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Browsing named entities in a specific section of Southern Historical Society Papers, Volume 5. (ed. Reverend J. William Jones). Search the whole document.

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February 27th, 1876 AD (search for this): chapter 3.25
mander, and I the more anxiously urge the matter upon your Excellency, from my belief that a younger and abler man than myself can readily be obtained. I know that he will have as gallant and brave an army as ever existed to second his efforts, and it would be the happiest day of my life to see at its head a worthy leader; one that would accomplish more than I could perform, and all that I have wished. In a communication, over his signature, in the New Orleans Republican of the 27th of February, 1876, General Longstreet, referring to his letter to his uncle, said: His [Longstreet's] letter was published owing to its corroborative and sympathetic relations to one of General R. E. Lee written two weeks later. The publication was made following the publication of General R. E. Lee's, so that the facts might be known and noted in their proper connection, not in attack or defence of any one. The letter of General Lee here referred to is the one to the President from which t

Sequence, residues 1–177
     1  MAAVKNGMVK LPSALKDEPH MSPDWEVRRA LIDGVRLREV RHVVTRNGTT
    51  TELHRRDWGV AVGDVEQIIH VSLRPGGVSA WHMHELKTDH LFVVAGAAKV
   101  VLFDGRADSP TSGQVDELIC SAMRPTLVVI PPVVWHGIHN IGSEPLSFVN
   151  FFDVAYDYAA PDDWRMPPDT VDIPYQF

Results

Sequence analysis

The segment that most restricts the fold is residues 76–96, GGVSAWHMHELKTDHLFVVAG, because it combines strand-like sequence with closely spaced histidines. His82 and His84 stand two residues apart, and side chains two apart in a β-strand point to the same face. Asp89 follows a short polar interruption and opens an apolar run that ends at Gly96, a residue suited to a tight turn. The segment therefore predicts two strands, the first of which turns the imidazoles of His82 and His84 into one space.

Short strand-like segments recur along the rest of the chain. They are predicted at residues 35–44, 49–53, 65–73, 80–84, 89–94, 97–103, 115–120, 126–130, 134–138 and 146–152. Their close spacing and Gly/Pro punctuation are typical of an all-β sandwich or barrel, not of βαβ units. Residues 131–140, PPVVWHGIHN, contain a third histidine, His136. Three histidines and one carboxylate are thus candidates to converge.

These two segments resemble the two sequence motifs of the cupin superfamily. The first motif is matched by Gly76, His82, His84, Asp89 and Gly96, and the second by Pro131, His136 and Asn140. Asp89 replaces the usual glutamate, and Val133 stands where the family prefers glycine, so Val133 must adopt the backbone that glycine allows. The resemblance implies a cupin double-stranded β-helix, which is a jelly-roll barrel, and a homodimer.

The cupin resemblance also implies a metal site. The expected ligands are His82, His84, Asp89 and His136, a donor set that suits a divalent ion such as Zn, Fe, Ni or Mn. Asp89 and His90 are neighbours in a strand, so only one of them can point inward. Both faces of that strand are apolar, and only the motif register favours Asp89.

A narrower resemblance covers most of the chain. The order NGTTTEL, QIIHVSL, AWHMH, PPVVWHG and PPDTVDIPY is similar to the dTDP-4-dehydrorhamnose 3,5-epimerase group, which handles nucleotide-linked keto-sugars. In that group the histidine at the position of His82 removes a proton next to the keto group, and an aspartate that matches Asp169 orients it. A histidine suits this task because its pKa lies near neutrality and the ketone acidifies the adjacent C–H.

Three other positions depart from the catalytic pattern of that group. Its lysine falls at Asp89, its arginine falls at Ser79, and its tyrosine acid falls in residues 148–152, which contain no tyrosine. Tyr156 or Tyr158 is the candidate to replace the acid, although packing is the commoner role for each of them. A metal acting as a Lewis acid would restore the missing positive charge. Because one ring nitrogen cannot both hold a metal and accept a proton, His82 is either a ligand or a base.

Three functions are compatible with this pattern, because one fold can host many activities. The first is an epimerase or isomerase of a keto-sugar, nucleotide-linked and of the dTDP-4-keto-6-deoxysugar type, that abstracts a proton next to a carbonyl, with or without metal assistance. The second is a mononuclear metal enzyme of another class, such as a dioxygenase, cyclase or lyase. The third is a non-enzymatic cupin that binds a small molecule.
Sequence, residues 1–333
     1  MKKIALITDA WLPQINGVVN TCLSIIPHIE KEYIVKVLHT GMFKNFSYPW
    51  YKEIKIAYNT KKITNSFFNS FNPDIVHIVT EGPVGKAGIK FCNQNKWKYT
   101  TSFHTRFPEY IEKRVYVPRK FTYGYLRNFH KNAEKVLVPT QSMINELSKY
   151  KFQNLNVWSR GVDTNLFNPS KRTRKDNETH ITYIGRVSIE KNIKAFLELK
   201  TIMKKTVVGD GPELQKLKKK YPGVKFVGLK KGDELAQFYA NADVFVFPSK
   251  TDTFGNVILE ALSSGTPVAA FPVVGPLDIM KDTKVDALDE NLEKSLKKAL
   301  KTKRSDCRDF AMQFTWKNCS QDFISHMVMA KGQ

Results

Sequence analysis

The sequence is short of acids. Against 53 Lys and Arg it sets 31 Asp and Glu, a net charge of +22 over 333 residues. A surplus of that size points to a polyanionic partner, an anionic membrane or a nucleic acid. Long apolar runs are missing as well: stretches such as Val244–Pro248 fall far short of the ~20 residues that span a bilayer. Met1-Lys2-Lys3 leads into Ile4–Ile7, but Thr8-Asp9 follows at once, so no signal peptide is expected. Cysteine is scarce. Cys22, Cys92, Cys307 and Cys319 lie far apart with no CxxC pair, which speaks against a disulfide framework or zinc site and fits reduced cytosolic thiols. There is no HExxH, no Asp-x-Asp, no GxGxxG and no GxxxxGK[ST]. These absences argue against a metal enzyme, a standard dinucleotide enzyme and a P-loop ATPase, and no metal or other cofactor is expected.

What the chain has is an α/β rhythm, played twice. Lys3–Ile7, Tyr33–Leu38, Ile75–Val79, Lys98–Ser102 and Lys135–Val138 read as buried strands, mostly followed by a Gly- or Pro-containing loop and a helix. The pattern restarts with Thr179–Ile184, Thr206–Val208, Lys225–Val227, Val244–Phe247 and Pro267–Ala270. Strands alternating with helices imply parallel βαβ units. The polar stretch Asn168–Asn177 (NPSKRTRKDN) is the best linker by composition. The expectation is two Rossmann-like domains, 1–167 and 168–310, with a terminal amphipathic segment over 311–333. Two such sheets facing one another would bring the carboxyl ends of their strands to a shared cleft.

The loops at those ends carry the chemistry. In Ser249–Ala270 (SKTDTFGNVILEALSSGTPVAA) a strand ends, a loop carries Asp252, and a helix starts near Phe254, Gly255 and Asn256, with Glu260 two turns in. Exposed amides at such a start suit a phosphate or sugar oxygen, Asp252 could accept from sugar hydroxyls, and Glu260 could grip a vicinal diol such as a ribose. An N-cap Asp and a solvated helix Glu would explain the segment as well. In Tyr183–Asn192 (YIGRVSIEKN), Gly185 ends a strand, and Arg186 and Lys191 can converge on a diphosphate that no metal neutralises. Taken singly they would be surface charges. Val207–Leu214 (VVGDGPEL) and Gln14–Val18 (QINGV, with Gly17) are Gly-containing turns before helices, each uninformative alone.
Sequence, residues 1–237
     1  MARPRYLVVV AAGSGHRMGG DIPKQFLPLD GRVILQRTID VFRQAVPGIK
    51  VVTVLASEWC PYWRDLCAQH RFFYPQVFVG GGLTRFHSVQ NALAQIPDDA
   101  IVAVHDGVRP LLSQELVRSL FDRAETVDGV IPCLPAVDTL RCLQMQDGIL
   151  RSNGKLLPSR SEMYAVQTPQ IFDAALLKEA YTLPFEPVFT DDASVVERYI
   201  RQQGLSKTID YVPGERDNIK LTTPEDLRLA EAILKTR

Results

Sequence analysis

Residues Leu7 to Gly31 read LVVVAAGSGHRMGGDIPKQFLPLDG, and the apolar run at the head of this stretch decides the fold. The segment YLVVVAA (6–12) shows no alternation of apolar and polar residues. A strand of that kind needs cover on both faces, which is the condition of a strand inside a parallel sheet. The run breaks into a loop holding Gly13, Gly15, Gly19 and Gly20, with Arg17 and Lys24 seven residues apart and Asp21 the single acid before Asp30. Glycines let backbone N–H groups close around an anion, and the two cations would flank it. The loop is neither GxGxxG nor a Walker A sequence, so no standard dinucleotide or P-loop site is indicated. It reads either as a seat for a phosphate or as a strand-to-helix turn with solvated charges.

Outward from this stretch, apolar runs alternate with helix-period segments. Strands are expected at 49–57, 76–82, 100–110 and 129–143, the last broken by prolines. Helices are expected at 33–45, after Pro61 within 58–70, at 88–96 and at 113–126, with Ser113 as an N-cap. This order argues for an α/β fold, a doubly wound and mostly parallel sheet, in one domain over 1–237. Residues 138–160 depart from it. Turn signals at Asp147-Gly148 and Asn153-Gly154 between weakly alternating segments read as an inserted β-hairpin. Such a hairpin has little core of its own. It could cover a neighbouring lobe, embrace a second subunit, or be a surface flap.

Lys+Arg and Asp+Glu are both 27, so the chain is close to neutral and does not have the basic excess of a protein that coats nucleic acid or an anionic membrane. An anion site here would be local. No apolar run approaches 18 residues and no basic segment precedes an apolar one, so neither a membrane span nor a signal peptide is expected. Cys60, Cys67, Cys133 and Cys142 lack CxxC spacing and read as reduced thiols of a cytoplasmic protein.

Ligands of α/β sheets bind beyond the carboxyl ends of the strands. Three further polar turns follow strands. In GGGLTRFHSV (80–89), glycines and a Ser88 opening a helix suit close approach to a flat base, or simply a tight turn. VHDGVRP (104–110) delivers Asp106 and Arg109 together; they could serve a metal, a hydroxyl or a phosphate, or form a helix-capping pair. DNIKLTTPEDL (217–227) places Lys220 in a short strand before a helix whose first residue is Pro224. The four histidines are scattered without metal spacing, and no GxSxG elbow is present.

July 24th, 1863 AD (search for this): chapter 3.25
r terribly blundered. All this he claims the right to do, for the benefit of the Comte de Paris and the general historian, because he is the only living person who could explain the motif of that campaign and the true reasons of its failure. He laid the foundation for enlightening the general historian in regard to the demerits and deficiencies of General Lee, and his own superior claims to the leadership of the Army of Northern Virginia, by a letter written to his uncle, on the 24th day of July, 1863, which letter would have never seen the light of day if he had not, himself, given it to the public. In that letter he said: The battle was not made as I would have made it. My idea was to throw ourselves between the enemy and Washington, select a strong position, and force the enemy to attack us. So far as is given to man the ability to judge, we may say with confidence that we should have destroyed the Federal army, marched into Washington, and dictated our terms, or, at le
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